I thought of a new Dvar Torah over shabbat. In the Haftarah we have King Saul commanded to carry out this mitzvah to eliminate Amalek and fulfill the mitzvah conveyed in the Torah special to this Shabbat. Saul almost completely fulfills the entire mitzvah commanded to him, he obliterates all of Amalek, men, women and children. However he leaves alive King Agag, the ruler of the Amalekites and merely captures him. In addition he leaves the best of the animals alive, also violating God's rules. It seems that the former is merely rules of royal combat, a king doesn't kill another king, it's unseemly. As for the latter, Saul claims that this was in order that they could offer all of these animals as a sacrifice to God. Saul thinks he did well, like your dog after digging up your backyard preparing to get rewarded for the good digging job he did. This seems to be the only bad thing Saul ever did (well, until this point, anyway). In comparison to what King David did during his rule, this was minor. Most of what David did, however was personal, and he got punished personally. When David impregnated Bathsheva and had her husband Uriah killed, DAVID lost his son and DAVID was forbidden to build the temple. What Saul did was on the national level and therefore the punishment would be more severe and Jews in the future would suffer from Hodu to Kush because of it. When David took a census when either God or Satan (check conflicting accountss in II Samuel 24:1 and I Chronicles 21:1 respectively...) provoked him to do so (only God can command a census and only in a way that doesn't directly count the people as one would do with cattle (the topic of the Dvar Torah I delivered at my Bar Mitzvah, Parashat Bamidbar/Machar Chodesh 29 Iyar 5756), the entire nation was punished as 70,000 died in a plague. This single act by Saul son of Kish, though he probably meant well, was enough to tear away the kingdom from him, just as he tore away Samuel's cloak. So to did Samuel tear Agag into pieces (an artist's rendition of which can be found at http://home.halden.net/rolf/merian/m074.jpg).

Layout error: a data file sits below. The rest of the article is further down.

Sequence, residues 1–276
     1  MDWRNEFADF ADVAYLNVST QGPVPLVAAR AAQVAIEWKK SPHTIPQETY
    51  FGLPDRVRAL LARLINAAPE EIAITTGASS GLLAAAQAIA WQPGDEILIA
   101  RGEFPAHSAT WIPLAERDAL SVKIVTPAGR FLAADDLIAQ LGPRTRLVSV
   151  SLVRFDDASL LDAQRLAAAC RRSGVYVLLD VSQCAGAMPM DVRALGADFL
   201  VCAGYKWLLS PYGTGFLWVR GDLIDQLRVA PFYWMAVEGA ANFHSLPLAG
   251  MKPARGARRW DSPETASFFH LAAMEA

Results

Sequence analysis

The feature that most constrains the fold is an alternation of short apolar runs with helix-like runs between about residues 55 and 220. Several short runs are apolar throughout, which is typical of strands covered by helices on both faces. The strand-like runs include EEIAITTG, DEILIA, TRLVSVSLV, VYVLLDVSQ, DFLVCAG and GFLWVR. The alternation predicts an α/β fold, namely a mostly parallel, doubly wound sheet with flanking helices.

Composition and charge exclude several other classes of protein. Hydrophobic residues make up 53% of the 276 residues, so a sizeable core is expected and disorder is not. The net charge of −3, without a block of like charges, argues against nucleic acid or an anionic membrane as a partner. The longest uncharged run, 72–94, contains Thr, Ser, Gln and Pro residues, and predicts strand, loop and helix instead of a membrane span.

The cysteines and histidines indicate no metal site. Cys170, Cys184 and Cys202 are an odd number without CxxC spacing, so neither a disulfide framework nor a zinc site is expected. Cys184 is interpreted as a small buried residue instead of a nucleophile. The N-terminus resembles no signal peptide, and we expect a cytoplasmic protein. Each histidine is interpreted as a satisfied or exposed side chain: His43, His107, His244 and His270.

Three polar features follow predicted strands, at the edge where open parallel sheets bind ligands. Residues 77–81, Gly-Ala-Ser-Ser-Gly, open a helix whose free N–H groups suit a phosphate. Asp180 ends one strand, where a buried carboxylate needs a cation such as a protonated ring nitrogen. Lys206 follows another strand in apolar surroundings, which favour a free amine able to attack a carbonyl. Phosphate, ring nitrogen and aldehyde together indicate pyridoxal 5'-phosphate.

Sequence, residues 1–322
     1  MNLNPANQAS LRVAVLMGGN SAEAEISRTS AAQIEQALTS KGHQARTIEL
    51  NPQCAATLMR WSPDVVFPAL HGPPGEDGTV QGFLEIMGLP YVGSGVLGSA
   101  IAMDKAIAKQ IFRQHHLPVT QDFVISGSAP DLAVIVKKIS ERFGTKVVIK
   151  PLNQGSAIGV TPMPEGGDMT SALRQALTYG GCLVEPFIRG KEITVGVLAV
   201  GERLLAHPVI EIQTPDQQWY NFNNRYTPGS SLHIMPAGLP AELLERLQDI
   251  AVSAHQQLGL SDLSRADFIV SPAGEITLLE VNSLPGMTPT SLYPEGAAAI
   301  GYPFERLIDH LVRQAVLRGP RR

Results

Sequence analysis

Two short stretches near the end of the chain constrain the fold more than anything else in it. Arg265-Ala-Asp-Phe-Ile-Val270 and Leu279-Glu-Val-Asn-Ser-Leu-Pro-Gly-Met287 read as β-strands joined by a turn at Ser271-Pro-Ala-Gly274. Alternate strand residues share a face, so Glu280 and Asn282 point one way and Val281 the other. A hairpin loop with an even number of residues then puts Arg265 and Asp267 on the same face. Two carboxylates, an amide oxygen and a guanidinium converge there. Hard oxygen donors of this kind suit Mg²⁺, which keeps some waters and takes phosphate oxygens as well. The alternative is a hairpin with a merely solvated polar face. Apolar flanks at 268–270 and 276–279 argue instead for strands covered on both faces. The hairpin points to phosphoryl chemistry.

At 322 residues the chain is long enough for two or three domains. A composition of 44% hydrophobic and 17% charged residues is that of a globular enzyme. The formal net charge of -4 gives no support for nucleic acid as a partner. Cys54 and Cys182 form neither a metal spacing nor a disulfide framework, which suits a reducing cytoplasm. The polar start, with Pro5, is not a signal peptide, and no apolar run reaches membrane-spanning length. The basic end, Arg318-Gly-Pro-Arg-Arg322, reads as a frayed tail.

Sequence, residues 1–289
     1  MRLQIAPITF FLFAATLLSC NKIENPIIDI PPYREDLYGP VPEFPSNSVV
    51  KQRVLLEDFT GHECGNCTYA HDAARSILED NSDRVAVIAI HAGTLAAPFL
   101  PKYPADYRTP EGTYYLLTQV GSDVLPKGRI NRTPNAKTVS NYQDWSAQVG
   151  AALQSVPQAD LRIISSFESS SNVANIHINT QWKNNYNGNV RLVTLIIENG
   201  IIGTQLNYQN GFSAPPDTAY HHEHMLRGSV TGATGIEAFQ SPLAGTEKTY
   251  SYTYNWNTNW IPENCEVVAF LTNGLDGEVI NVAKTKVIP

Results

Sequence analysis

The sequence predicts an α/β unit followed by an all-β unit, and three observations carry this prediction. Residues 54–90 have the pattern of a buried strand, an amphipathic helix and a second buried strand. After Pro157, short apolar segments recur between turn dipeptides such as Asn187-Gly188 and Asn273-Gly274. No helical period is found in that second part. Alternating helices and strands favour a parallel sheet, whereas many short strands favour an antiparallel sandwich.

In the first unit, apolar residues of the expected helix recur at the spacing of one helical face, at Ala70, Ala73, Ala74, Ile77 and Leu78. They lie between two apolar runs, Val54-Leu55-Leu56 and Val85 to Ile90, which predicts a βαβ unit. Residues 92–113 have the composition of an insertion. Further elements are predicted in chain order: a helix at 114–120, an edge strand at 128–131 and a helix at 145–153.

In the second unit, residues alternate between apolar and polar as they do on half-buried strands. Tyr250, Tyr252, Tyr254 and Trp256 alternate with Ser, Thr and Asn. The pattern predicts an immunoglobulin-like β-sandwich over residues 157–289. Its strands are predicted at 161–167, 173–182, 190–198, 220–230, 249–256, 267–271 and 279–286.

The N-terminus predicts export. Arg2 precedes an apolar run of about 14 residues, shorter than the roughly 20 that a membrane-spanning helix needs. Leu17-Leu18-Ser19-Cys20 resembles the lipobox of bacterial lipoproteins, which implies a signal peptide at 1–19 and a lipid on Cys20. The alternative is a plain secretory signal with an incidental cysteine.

But further tearing of clothing happens in the future, Mordechai the Jew tears his own clothing. Mordechai, whose lineage is given in Esther 2:4 as being the son of Yair son of Shimi son of Kish, a Benjaminite, is a descendant of Saul who himself is known as the son of Kish (when people are speaking belittling of him). This is a story of descendants. According to midrash, Vashti is the final descendent of wicked king Nebuchadnezzar (or Nebuchadrezzar if you want to make fun of him). Haman is somehow the stock of Agag. But wait! Saul killed everyone but Agag, and then Samuel killed Agag, the last of the Amalekites. Something must have happened between these two events, and while Agag was chillin' in Saul's crib, he must have impregnated a woman and so when he was killed, his seed did not end. Therefore his offspring led to Hamaddata who begat Haman.
So it fell to Mordechai to finish the job. It was Mordechai who raised the ire of the last Amalekites. This is history playing itself out like an episode of Curb Your Enthusiasm with a lot more violents and a lot less wit. When Esau cried out, it is now Mordechai crying out using almost identical language, with the payment for Jacob's act of deceit being played out here... actually I noticed some strong parallels between this and the story of Joseph in Egypt (Joseph receives the royal ring just as Haman does, and more, but that is for another time). So Mordy destroys Haman and his ten wicked sons and completes the task given to his royal ancestor. Immediately following this, Mordechai himself is elevated to Prime Minister and once again regains royal prestige that his family had lost so long ago.
I've been thinking about this for a couple of days: Mordechai is constantly referred to as Mordechai HaYehudi, translated as Mordechai the Jew. But if we translate literally, it means Mordechai the Judahite. But wait, he's a Benjaminite. The only thing I can think of is that perhaps he is both. Or perhaps the title of Jew became popular at this point to refer to all of Israel or perhaps those that dwelt in the southern kingdom of Judah after the exile of the ten other tribes. Mr. Owl, The world may never know.
Shavuah Tov (and Shabbat shalom to those of you west of GMT+1 (west of Amsterdam, etc...),
Matt, of the stock of Jesse.